By Ian Hamilton, The Independent 

Most of the time, we have no idea what public health means or does, but coronavirus has abruptly changed that. It is at the centre of coordinating the testing and intelligence of the coronavirus. The World Health Organisation couldn’t have made its advice to governments any clearer: “You can’t fight a fire blindfolded ... test, test, test.” Unfortunately, we remain blindfolded as only a few thousand tests are carried out daily, significantly short of what is needed.

So, when the chancellor announced his coronavirus war chest and that the government stood ready to do whatever it takes, you’d think public health would be a priority for some of this cash. Not so, the Treasury has increased the public health grant by 4.8 per cent for the coming year, mainly to cover staff costs of NHS services contracted out to local authorities. Wasting no time in sharing its thoughts on this, the Association of Directors of Public Health made clear it was too little too late.

When Boris Johnson frames coronavirus as the worst public health crisis for a generation and then allocates a meagre uplift to the public health budget, it becomes a hollow statement. The public health budget has already suffered a decade of savage cuts, a short-sighted decision which will have an impact on all of us.

Public health includes an array of services: childcare, environmental hazard protection, health data analysis and a whole host of activity that many of us are probably unaware of. Reflecting the ethos of devolved decision-making government, it is left to local areas to decide how much is allocated to this multitude of public services, creating regional differences.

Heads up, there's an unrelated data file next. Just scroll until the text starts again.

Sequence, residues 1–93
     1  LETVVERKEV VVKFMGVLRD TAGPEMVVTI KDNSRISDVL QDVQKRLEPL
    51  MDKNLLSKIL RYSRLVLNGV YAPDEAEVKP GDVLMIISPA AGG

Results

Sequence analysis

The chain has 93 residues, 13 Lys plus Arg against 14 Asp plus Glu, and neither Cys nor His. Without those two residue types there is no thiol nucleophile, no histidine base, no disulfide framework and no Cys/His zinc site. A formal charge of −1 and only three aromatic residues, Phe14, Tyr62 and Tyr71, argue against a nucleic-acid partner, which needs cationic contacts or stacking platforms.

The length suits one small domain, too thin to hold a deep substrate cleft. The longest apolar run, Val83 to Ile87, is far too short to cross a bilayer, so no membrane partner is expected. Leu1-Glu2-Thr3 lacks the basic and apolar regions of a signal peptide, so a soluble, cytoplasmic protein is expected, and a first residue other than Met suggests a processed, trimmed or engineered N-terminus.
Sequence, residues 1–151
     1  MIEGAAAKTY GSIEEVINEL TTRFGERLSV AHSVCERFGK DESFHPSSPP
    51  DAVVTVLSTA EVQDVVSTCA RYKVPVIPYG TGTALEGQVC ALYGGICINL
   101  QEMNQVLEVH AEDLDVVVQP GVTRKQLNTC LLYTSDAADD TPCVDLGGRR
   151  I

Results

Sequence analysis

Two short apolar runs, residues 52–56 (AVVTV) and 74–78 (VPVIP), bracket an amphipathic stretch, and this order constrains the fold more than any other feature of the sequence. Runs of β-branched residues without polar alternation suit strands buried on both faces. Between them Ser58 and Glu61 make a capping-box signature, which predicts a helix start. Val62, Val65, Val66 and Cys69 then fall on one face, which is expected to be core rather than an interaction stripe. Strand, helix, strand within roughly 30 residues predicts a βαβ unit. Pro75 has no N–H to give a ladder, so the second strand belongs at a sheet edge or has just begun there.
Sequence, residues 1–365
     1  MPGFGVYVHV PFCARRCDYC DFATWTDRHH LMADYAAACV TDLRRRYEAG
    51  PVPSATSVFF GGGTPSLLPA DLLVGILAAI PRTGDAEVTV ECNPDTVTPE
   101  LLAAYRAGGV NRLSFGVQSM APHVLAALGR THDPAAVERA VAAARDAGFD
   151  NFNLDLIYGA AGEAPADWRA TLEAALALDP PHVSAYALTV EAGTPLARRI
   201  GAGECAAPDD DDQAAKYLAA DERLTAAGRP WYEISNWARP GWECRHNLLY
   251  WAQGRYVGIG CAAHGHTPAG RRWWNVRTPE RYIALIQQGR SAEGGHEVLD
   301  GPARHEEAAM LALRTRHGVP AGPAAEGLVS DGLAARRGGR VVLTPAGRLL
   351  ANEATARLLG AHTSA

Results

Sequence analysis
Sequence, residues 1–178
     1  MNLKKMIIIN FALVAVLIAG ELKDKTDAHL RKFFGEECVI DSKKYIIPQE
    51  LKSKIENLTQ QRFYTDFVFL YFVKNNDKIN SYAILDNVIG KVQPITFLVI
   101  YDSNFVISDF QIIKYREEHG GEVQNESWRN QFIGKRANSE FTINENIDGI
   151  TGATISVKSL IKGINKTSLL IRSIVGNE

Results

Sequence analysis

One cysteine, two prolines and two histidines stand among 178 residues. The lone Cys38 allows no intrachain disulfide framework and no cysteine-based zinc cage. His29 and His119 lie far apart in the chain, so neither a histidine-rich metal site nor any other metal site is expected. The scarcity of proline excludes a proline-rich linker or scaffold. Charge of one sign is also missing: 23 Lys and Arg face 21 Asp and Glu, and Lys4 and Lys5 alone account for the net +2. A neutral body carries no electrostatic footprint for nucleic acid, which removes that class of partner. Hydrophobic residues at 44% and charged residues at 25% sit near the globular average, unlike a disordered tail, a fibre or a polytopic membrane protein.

The government’s resources are considerable and the impact of how to use them are equally spectacular, as we witnessed in 2008 when our banks were given eye-watering amounts of tax-payers’ money. If a fraction of that bailout were to be allocated to public health, it would pay dividends for years to come as we invest in the nation’s health instead of the wealth of a few bankers.

The function of public health is to enhance the nation’s health by reducing inequality, which against a backdrop of growing national wealth is as embedded as it’s ever been. This crisis will be felt most acutely by those on benefits, zero-hour contracts or low pay who are already facing stark choices between health and hardship. That kind of stress is known to compromise immunity, something that needs to be optimised, not sabotaged, at this time if we are all to stand an equal chance of getting through infection.

Prevention is better than cure, so looking at how we can prevent an escalation in those needing intensive care as a result of contracting this virus is clearly desirable not just for them but for the services and staff providing treatment.

Public health activity directly reduces pressure on the NHS, something that’s beneficial at any time but particularly now. Communicating health messages to us all and those with specific problems such as the homeless is a core part of the public health role. Public health budgets also fund specialist drug treatment services, supporting another group who are at increased risk of not only contracting coronavirus but of dying as a result as they have reduced immunity and poor physical health. Reversing the years of cuts made to these services would not only help these individuals it would help us all.

As Julian Tudor-Hart, a GP working in the coal-mining communities of Wales in the 1970’s observed: “The availability of good medical care tends to vary inversely with the need for it in the population served.” Meaning those with the greatest health need to receive the least in the way of services. Unfortunately, looking at how things have been handled, he’d be making the same observation today.